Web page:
TELOSscope: The Telos Press Blog

Zygmunt Bauman, the Left, and Modernity

As an occasional feature on TELOSscope, we highlight a past Telos article whose critical insights continue to illuminate our thinking and challenge our assumptions. Today, Monika Lemke looks at Zygmunt Bauman’s “The Left as the Counter-Culture of Modernity” from Telos 70 (Winter 1986).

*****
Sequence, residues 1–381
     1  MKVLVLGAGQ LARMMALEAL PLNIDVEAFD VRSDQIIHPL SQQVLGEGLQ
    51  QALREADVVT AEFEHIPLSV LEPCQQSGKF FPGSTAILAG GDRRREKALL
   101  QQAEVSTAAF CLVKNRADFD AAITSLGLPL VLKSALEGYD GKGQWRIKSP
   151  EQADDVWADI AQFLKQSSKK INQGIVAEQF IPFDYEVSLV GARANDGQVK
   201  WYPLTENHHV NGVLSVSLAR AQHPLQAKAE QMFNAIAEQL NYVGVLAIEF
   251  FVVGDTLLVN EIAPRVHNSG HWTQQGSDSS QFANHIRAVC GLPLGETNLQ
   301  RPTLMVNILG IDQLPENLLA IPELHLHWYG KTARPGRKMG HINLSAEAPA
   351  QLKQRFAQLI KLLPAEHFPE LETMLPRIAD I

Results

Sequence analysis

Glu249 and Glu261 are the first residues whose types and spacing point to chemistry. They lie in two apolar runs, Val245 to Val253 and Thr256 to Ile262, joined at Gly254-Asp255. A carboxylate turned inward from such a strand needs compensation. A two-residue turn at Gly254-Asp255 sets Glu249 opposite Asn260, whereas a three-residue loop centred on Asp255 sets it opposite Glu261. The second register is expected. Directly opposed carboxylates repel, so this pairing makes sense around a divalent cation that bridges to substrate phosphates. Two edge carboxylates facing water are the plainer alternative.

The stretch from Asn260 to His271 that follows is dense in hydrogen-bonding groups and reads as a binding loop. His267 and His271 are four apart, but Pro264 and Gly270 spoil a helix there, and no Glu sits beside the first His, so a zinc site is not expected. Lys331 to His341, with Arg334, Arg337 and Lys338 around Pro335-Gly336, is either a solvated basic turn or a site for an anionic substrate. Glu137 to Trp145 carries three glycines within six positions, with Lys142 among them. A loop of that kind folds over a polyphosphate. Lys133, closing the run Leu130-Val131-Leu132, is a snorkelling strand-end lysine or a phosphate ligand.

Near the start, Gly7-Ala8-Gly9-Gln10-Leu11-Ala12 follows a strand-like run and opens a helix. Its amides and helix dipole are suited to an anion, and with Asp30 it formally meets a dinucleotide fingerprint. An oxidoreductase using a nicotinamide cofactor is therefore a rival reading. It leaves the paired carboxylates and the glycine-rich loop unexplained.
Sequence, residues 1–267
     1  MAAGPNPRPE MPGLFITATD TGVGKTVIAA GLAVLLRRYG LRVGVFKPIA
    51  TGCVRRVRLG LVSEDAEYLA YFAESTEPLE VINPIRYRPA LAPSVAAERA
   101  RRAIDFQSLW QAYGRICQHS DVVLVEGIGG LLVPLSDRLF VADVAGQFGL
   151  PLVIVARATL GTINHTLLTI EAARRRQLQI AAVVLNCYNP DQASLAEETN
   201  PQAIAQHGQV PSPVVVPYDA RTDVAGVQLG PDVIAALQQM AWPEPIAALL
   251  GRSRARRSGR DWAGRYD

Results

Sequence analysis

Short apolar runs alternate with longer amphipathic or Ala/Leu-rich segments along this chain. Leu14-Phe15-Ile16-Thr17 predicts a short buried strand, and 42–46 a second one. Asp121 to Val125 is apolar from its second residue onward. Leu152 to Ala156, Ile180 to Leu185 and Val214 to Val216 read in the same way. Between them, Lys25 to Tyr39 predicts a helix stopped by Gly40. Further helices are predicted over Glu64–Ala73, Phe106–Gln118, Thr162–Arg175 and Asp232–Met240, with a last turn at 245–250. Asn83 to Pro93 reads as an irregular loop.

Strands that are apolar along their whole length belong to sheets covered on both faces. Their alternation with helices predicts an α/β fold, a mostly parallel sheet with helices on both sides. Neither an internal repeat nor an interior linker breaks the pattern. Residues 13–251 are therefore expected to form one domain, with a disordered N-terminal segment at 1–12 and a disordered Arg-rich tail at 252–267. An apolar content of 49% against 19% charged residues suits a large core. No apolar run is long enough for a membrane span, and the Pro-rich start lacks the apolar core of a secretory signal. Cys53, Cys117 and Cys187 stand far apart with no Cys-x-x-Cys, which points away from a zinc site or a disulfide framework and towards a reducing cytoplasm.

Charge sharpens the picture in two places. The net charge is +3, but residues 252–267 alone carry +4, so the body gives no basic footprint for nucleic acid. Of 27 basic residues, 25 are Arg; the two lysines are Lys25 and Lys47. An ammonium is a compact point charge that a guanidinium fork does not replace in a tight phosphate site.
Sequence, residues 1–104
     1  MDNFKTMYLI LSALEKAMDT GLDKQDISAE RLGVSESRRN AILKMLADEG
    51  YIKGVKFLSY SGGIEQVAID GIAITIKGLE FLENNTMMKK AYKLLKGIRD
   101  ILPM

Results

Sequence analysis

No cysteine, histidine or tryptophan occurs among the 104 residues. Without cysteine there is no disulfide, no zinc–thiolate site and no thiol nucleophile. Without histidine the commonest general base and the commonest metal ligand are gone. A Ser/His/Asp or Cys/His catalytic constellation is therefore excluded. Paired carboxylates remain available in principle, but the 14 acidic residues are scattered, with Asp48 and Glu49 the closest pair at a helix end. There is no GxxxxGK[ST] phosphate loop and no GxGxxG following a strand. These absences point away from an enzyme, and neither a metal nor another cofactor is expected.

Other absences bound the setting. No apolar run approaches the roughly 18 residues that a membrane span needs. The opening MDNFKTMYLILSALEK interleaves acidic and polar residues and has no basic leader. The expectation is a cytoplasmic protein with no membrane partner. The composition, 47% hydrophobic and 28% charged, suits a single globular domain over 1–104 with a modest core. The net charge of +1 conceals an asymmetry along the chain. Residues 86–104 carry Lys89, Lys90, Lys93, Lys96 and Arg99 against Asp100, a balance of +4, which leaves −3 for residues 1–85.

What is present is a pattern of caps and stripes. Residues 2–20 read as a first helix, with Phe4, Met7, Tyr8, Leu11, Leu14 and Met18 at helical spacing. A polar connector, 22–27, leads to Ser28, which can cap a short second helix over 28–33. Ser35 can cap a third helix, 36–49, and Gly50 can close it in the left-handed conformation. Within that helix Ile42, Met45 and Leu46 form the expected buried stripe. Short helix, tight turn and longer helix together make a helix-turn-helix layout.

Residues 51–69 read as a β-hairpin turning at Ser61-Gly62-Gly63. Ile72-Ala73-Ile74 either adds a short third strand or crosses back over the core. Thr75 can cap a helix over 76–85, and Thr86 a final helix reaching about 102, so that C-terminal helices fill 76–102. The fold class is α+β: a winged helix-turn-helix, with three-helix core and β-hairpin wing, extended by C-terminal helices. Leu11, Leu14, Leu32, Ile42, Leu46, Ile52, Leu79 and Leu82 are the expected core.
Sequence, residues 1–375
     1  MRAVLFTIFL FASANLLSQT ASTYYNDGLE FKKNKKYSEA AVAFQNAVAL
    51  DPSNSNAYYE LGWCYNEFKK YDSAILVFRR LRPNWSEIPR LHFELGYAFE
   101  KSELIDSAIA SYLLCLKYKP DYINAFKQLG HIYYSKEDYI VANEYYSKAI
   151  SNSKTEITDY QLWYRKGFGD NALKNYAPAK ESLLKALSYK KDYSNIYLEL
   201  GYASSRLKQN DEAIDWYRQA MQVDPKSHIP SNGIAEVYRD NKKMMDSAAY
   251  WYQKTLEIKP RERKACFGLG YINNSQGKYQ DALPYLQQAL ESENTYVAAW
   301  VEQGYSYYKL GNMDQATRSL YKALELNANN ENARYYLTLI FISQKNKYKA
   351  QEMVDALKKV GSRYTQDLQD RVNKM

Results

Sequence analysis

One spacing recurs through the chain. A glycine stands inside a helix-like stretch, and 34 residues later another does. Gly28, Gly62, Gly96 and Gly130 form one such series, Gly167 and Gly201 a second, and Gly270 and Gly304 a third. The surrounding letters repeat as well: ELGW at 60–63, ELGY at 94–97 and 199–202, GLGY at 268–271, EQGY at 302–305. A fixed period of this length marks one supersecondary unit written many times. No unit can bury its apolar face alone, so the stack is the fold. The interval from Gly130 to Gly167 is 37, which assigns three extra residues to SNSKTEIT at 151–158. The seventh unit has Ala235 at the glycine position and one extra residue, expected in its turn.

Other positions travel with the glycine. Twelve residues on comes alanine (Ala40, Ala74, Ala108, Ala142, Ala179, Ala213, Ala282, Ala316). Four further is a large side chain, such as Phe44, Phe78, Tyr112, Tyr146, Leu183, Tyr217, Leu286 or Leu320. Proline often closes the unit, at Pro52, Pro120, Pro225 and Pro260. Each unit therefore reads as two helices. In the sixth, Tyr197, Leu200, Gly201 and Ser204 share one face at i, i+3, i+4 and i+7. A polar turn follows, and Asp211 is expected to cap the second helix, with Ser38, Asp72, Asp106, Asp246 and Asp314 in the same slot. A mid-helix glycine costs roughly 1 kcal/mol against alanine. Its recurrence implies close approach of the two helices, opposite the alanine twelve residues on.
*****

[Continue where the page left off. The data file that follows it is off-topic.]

Premised on the Left’s fundamental inability to dissociate itself from the ideals of the bourgeois revolution, Zygmunt Bauman’s “The Left as the Counter-Culture of Modernity” introduces the notion of reconstituting “the Left as the counter-culture of modernism,” rather than as the “counter-culture of capitalism.” Bauman makes the case for this repositioning because, in his view, there is no historical agent to carry out an anti-capitalist program. However, by continuing to defend and maintain the Left’s core values of individual autonomy and political democracy, Bauman believes that the Left can identify the barriers preventing their realization in the present neoliberal paradigm. Bauman recounts the Left’s courtship with various strategies, namely, the heterodox critique of capitalist practice and professed affinity with the industrial working class, and the recent flirtation with postmodern theory. By examining each as it addresses the present historical paradigm, he emphasizes the need to rehabilitate the values of the Leftist program and search for alternative strategies to realize them.